Wednesday, September 22, 2010

ONE WORD book video (featuring "fork" from "sixpack")

The promotional video for One Word book: contemporary writers on the words they love or loathe, edited by Molly McQuade from Sarabande Books features excerpts from fork, a section of the essay sixpack by Thylias Moss, a close associate of forkergirl.

Please enjoy this marvelous multimedia short film by Tucker Capps for Sarabande. Dear Storytellers (as we keep waiting for motion, please note the mix of active and static elements in this little film that delivers forkfuls of visual delight, the quick shift from one visual to another, continuity maintained/sustained by both the spoken text (written by forkergirl's friend) and the music by Jonathan Zalben. Note the range of visual textures. In this case, text preceded the film, inspired the film, provided both rules and obstructions in which/despite which the short film was made. The writing itself did not mandate an unfolding of content as a plot-dependent narrative —indeed; rules embedded in the structure of the writing (structure determined by tenets of Limited Fork Theory) may have made plot-dependent narrative an unlikely vehicle for content intentions or the content transcendence that occurs in this film.

My Two words about the One Word video: Forking good!

One Word: Contemporary Writers on the Words They Love or Loathe from Sarabande Books on Vimeo.

From the One Word book website:
In One Word: Contemporary Writers on the Words They Love or Loathe, Molly McQuade asks the question all writers love to answer: what one word means the most to you, and why? Writers respond with a wild gallimaufry of their own choosing, from ardor to bitchin’ to themostat to wrong to very. There is corn, not the vegetable but the idea, defining cultural generations; solmizate, meaning to sing an object into place; and delicious slang, such as darb and dassn’t. Composed as expository or lyric essays, zinging one-liners, extended quips, jeremiads, etymological adventures, or fantastic romps, the writings address not only English words but also a select few from French, German, Japanese, Quechua, Basque, Igbo, and others. The result is like the best of meals, filled with color, personality, and pomp. There is something delightful and significant for every reader who picks up this wonderful book.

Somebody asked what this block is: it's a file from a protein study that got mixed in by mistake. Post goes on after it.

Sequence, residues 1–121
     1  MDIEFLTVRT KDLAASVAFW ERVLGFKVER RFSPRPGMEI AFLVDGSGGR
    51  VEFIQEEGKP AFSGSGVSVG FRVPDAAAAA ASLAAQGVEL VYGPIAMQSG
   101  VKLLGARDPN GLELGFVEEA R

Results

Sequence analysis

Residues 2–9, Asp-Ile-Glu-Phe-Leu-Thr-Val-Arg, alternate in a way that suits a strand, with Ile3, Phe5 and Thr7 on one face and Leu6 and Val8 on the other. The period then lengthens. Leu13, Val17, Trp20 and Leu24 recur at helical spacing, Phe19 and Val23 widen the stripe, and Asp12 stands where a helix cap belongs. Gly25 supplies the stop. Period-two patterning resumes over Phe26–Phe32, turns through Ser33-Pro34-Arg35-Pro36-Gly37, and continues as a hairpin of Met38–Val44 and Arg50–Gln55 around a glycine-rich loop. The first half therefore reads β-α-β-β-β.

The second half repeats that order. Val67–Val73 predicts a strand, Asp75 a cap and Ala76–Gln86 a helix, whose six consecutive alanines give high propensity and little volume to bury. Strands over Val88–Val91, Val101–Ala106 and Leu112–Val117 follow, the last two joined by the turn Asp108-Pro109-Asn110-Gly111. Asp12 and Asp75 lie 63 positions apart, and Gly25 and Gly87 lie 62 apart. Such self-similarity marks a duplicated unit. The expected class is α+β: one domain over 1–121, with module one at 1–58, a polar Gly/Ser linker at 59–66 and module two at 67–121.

“This sublime anthology is poetry for people who don’t read poems, collecting 67 essays, short stories, and memoirs in which seasoned writers and novices expound, meditate, or riff on a single word. The words range from the familiar (forget by Mimi Schwartz, crash by Dan Moyer) to the obscure (darb by Erin McGraw [1920s slang for an excellent person or thing], umunnem by Kelechi Okere [an Igbo term for all one's blood relatives], from the short (a by Joel Brouwer takes up eight pages) to the long (floccinaucinihilipification by Siobhan Gordon [it means nothing]. Thylias Moss’s disquisition on fork and related words itself forks in many directions. Jason Iwen detects capitalist ideology in interesting, which first appeared in 1711 in an economic context. Poets are almost half of the contributors, but they also include critics, translators, academics, and novelists. These marvelous little pieces of writing highlight not so much the words themselves as what words do, how they exist as themselves but also as the carriers of meanings, which shift and branch into many paths real and metaphoric, juicy with sound.”
Publishers Weekly (starred review)